4 Keys to a Good Warmup

 The warmup is a vital part of training that is too often overlooked. Sometimes you see riders walking their horses in the warmup letting them get strung out and lazy. Their reasoning is that they want to give the horse a chance to relax and get in the mindset to work. The thought behind this theory is good, but it doesn’t work very well for horses.If you remember our article last month on 3 Secrets to Improve Your Riding, we discussed how you are either training or untraining. There is no middle ground. This applies to the warmup as well.

#Tipoftheday You are either training or untraining. There is no middle ground, even in the warmup pen. share

To humans, “just walking around” does no damage. But horses work differently. A horse in western tack is carrying

40 to 50 pounds of tack in addition to 100 to 200 pounds of rider. “Just walking around” for a horse is work. The horse must engage all those core and topline muscles to keep everything together. If you let your horse just slouch around the warmup pen with paying attention to how he is carrying himself, there is a good chance he’s not using those muscle properly. Every time he uses those muscles, he is developing them – be it for better or for worse. So, every time you allow your horse to slouch around the warmup pen, you are sabotaging your own hard work to build up the correct muscles.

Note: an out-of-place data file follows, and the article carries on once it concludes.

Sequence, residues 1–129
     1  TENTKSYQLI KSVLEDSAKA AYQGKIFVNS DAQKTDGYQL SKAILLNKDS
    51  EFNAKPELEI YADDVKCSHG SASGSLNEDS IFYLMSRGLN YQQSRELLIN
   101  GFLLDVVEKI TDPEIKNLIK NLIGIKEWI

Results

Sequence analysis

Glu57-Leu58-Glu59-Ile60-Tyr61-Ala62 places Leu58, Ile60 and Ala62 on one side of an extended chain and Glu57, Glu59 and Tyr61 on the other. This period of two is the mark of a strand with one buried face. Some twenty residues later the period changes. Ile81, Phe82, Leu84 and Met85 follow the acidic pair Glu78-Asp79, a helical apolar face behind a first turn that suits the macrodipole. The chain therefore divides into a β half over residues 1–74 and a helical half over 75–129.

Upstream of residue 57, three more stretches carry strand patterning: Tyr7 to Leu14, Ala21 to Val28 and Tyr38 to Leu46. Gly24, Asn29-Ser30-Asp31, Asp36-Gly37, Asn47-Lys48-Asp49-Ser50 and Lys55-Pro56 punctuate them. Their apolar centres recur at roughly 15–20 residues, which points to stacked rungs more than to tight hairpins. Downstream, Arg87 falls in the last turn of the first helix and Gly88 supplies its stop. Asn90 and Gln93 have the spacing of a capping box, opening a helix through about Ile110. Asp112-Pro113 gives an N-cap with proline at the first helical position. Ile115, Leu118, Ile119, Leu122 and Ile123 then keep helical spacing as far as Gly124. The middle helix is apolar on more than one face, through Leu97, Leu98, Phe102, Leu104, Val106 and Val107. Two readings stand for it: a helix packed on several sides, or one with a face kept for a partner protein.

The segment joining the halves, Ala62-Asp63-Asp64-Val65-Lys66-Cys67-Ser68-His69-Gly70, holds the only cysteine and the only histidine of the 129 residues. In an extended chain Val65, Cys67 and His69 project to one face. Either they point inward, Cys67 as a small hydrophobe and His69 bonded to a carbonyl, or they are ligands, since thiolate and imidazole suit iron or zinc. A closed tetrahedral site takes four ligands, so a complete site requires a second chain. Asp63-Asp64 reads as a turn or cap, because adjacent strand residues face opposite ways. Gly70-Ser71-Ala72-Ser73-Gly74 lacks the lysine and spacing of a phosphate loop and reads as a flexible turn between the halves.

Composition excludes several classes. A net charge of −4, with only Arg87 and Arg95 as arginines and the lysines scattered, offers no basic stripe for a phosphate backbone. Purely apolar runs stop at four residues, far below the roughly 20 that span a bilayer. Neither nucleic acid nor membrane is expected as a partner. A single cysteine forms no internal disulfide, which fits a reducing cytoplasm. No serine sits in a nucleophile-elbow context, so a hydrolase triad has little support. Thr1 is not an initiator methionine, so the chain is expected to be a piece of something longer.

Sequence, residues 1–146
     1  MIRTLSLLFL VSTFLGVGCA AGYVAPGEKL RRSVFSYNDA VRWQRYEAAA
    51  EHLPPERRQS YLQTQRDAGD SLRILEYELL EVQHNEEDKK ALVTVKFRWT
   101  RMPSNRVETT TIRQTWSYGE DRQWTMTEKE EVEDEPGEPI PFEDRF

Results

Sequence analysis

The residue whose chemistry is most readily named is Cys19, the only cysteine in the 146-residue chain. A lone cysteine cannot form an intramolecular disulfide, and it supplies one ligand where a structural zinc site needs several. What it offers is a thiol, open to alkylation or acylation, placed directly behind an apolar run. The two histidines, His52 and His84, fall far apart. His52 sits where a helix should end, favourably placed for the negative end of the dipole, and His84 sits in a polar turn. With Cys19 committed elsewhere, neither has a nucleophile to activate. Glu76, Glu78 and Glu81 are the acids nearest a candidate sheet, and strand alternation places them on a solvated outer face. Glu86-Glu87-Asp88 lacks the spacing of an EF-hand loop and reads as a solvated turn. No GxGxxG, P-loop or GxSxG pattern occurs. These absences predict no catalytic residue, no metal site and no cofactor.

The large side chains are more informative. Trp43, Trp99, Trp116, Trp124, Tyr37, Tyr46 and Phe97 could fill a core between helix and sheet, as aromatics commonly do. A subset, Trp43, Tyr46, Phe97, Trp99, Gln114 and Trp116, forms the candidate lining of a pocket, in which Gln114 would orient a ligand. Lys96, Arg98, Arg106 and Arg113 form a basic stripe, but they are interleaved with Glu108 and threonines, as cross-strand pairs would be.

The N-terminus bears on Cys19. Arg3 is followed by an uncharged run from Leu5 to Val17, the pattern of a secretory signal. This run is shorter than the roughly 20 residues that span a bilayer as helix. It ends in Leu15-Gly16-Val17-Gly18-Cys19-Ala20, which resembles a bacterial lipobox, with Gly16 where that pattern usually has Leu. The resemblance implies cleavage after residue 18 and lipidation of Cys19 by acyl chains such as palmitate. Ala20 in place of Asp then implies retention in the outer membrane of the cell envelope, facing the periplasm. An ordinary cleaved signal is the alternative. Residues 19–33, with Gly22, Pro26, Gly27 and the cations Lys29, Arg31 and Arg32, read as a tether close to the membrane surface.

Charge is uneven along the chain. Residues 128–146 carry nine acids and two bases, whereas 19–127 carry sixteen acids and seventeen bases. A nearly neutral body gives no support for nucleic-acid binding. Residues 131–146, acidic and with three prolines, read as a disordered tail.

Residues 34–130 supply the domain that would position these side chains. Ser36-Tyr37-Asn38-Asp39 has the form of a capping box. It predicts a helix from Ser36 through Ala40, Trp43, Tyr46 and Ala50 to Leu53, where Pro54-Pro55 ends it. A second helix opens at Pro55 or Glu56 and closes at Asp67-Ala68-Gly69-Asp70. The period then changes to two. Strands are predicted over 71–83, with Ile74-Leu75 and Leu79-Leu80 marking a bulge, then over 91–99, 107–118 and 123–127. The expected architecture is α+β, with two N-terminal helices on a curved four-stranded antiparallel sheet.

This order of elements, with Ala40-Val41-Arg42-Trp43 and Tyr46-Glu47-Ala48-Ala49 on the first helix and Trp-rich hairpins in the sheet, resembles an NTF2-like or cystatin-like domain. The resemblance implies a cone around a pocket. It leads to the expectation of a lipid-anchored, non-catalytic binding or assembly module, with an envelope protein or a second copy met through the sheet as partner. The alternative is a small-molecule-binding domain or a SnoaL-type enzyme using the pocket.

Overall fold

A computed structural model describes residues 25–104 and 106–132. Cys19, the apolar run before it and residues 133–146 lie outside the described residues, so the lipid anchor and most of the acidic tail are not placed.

As your horse moves forward, he should have rhythm to his gait. The tempo will vary from horse to horse, but once the rhythm is established, it should be maintained and stay consistent throughout the gait. The horse should never be constantly speeding up and slowing down within the gait. This creates tension and stiffness.


Your horse should be relaxed throughout his entire body. Relaxation is the key to establishing rhythm. It is especially key to make sure that your horse relaxed through his poll as the this is a pivotal point in the body. If the poll is stiff, the horse cannot truly relax. A relaxed poll is the key to lateral movements, collection, and pretty much everything else.


Throughout the warmup, your horse should be driving from behind and stepping up under himself. His weight should be rocked back on his hocks so he is not heavy on the forehand. This is a big mistake you see a lot in the warmup pen. Some riders don’t pay attention and their horses are allowed to get lazy and fall on the forehand. This create a bad habit. Your horse should be tracking up under himself (his back hoof should be landing in or in front of the print that his front hoof just left).


Never should your horse be allowed to get lazy and start dropping their shoulders, getting squirrely in the ribcage, or cutting corners through the turns. He should be expected to keep good posture and forward motion at all times. He should be light and responsive and focused on his job rather than lollygagging about.

straightness is 1 of the 4 keys to a good warmup

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